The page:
My daughter is turning eight next week.
Right here, in this space, I wrote about when she was born.
I discussed changing her diapers.
I shared how it felt.
It was 2012, and Barack Obama was about to be re-elected President of the United States.
His opponent, Mitt Romney, represented the Republican Party. Now, he’s one of its foremost critics, from the inside, and President Obama, out of power nearly four years, unloaded on Donald Trump in the digital version of a Democratic Party convention.
My daughter and her brother just got their first pet: a mutt that we rescued from the animal shelter.
This morning, she asked if I’d write about the dog, and so I have. (Her name is Haley, she’s a blue heeler/pit bull mix, and we already love her dearly, after only two weeks.)
#2020 feels like a different century than 2012. A different millennium.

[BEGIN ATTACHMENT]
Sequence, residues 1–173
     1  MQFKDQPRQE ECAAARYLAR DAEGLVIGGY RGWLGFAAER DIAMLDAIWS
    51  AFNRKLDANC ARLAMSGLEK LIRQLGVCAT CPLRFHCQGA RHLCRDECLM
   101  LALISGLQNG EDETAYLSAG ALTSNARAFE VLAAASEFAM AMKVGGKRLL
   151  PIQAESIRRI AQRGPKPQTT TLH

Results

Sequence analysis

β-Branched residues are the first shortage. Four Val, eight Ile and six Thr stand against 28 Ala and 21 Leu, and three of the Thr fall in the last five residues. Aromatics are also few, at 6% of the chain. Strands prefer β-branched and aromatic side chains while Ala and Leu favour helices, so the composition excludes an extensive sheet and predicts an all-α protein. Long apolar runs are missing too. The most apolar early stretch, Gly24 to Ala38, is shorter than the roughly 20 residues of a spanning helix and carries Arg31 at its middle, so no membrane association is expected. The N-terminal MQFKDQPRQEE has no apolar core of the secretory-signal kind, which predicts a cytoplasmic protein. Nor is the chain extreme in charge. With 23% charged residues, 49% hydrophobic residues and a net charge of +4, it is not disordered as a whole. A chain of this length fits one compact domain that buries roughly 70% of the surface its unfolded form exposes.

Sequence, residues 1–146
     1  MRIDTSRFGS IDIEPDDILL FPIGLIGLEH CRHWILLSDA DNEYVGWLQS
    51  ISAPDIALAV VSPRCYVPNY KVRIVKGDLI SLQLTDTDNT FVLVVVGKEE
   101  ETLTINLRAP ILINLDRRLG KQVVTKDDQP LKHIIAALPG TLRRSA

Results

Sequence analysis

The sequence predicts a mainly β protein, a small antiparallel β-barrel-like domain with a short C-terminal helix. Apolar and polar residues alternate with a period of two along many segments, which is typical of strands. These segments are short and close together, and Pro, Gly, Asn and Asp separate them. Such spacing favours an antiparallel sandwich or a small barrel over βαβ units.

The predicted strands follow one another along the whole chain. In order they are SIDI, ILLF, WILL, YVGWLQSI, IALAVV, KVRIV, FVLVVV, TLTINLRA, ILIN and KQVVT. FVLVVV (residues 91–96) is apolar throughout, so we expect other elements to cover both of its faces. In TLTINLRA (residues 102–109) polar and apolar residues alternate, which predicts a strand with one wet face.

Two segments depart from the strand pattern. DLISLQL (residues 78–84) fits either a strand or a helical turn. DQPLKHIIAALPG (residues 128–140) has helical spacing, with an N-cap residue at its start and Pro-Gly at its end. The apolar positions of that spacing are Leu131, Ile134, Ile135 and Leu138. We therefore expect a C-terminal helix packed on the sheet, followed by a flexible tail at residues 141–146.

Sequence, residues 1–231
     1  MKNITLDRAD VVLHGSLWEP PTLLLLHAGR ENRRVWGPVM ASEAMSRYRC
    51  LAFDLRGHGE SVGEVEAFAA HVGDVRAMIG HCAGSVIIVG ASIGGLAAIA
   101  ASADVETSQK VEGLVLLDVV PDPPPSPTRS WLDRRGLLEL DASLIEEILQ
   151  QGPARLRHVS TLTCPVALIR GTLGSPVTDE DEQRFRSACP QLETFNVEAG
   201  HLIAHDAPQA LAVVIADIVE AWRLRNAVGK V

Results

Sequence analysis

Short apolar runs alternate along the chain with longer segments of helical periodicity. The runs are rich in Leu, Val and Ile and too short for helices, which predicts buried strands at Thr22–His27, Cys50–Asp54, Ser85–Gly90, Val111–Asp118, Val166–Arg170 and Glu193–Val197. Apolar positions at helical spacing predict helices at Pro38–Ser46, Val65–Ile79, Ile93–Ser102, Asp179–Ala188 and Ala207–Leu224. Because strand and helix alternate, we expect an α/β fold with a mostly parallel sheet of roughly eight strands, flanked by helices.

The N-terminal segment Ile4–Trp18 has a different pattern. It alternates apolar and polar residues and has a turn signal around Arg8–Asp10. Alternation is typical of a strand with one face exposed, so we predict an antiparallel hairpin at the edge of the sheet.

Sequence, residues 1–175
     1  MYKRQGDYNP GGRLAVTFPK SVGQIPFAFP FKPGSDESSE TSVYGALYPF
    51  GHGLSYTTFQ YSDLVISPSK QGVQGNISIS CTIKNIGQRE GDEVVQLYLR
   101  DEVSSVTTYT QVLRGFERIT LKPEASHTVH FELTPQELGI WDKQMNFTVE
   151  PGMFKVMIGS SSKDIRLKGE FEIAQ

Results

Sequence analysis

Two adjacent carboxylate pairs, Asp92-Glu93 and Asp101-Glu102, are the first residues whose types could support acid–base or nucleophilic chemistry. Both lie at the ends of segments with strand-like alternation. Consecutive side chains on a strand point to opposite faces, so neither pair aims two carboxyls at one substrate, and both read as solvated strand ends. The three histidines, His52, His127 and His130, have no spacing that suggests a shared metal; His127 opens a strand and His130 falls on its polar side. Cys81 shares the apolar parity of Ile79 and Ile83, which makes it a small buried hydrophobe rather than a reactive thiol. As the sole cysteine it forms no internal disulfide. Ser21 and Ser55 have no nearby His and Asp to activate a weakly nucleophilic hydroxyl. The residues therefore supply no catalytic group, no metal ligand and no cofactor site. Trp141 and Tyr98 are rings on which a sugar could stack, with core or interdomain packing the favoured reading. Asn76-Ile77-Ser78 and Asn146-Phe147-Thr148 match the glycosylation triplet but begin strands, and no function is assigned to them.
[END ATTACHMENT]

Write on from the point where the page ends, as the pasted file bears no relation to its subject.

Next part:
Perhaps a different timeline entirely?
But then again, “Space is paradise, time is hell.”
I read that just now, at the beginning of a super-impressive photobook, “Fordlandia 9,” by JM Ramírez-Suassi, from Madrid, published by NOW Photobooks, which turned up in the mail back in March.
I pulled the book from my stack this morning, knowing nothing about it, and my daughter spied me as I walked through the house with the cardboard box in tow.
She asked what I was going to do with the book, and I told her that I wrote about books for my work, and that sometimes I wrote about travel, but not now.
“Because you can’t travel?” she asked.
“Exactly,” I said.
But of course I can travel, in my mind.
A great photo book allows me, and all of us, to venture to far-flung parts of the world, in our imagination, if everything comes together just right.
Is time hell?
Was the quote correct?
I’m not sure I agree, but I do think time is experiential, and I’ve shared that thought with you before.
These days, people speak of Covid-time, and it’s generally accepted that #2020 feels like 10 years compressed into one.